But this natural optical illusion was thought-provoking beyond the literal. How often do I see a problem as insurmountable – only to realize later that I merely had the wrong perspective.  Too often, I cling to my own stubborn views, without ever considering that they might not be as solid and reliable as I assume.

If someone had told me they saw large rocks floating on a lake, I’d say they were crazy. But I saw it myself, I know it is true. Perhaps, not in the most literal sense – they weren’t floating, after all – but at least in a metaphorical, visual, illusory sense, they were. To me, that tells me that even the impossible can become possible, given the right circumstances and the right perspective.

I’ll need to remember this the next time I get discouraged about my book, when progress seems slow, when it seems like I may never get done. I will remember these floating rocks, and I will believe that the impossible is just a figment of my imagination – and that the rock that stands in my way, is really just a stepping stone to help me across an otherwise dangerous or impassable path.

© writingreading, 2010


Famous Women You’ve Never Heard Of #5 – Jackie Cochran

January 17, 2010

Oh sure, we’ve all heard of Amelia Earhart  – and even before the recent movie, many people would at least recognize her name as a famous aviatrix.

But a contemporary of hers was in many ways even more famous. In the late 1930s, she broke record after record. And not just in women’s categories. In 1938, for instance, she won the Bendix cross-country race, even beating out the men, becoming the first woman pilot to do so. After World War II, she kept flying, and became the first female to break the sound barrier in 1953.

Although impressive, these accomplishments are not Cochran’s most important. She – almost single-handedly – helped bring about the establishment of the WASPs (Women Airforce Service Pilots) during World War II.  Initially resistant to the idea, Cochran persuaded Gen. Hap Arnold and Eleanor and Pres. Franklin D. Roosevelt to make her idea a reality.

More than 1,000 women served in the WASPs, mostly as ferry pilots. These pilots flew all sorts of airplanes – bombers, fighters, trainers – all over the country, from one base to another. They made a valuable contribution to the war effort, freeing up men to be sent overseas for more hazardous duty, and demonstrating that women could be just as effective pilots as the men. They were not officially part of the Army Air Corps, and therefore did not receive military benefits like their male counterparts. Even if they died in the line of WASP duty – the government would not pay for their body to be returned home or buried. That would have to be a family expense. They were still “civilians” after all.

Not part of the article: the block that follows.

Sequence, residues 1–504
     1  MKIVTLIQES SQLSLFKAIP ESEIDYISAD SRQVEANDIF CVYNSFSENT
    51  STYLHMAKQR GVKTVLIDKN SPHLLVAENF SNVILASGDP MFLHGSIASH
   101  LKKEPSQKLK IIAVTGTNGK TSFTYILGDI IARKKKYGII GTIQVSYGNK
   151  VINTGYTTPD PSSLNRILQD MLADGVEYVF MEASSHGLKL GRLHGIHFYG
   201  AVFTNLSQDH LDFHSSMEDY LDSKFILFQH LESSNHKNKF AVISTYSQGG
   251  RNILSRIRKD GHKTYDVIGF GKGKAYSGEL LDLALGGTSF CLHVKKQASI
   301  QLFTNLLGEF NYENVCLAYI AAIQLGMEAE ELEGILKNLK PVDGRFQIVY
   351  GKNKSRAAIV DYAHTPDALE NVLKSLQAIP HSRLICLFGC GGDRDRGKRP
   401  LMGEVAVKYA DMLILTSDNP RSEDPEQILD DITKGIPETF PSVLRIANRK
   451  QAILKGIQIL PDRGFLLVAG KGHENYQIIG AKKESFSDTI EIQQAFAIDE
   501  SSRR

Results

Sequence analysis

Finally, in 1977, the WASPs recieved the recognition they deserved, at last being accorded formal status as military veterans. And in 2009, they were awarded the Congressional Gold Medal, a very high honor.

Read more about Jackie Cochran and the WASPs, or watch a short film on YouTube about their service. You can also learn more about Cochran by getting the documentary by American Experience, called Fly Girls.

© writingreading, 2010


Words of the Year (2010): Persistence/Patience

January 5, 2010

Last year, I posted a “Word of the Year” instead of doing a New Year’s Resolution. I’ve never been much for the latter, but I really enjoyed choosing a WotY. Last year, my word was “Believe.” Mostly, I chose it because I wanted to believe in myself as a writer. And as 2009 came to a close, I could tally 2 upcoming articles accepted and awaiting publication in the coming year, and I’m significantly closer to completing my non-fiction book that I have been working on for about two years. I think and hope that in 2010 I will get it finished!

So, for 2010, I’ve actually selected two words. I couldn’t decide on just one. They are:  PERSISTENCE / PATIENCE.   To me, they have very similar qualities, and I think I’ll need a lot of both to get through this upcoming year – and to successfully meet my goals of completing my book manuscript.

I need PERSISTENCE to keep on writing, to keep believing (building on last year’s word), and to keep going, even when I get tired, discouraged, procrastinate too much, or begin to think that despite the work I’ve already done, that I may never get finished.

I need PATIENCE because by rushing my book to completion, I’ll set myself up for disappointment. In fact, rushing things will be the fastest way to doom myself to failure. Rushing and impatience would make me get sloppy, lackadaisical, and ultimately could self-sabotage the entire effort. I also know I’ll need patience to face some personal challenges and changes I’ll be experiencing at work. Since I’ve decided on patience as one of my Words of the Year, I actually have a lot more peace about the impending changes, some of which start right away.

Last year was the first time I had done a Word of the Year approach, and I really liked it a lot. As I was reflecting on this tonight, I realized that this approach actually is a lot more satisfying and nearly a fail-safe way to approach the new year. A resolution is soon broken. But a WotY stays with you, and can help guide you if you need direction or inspiration. You really can’t mess it up. Just Believe, have Patience, and be Persistent!

© writingreading, 2010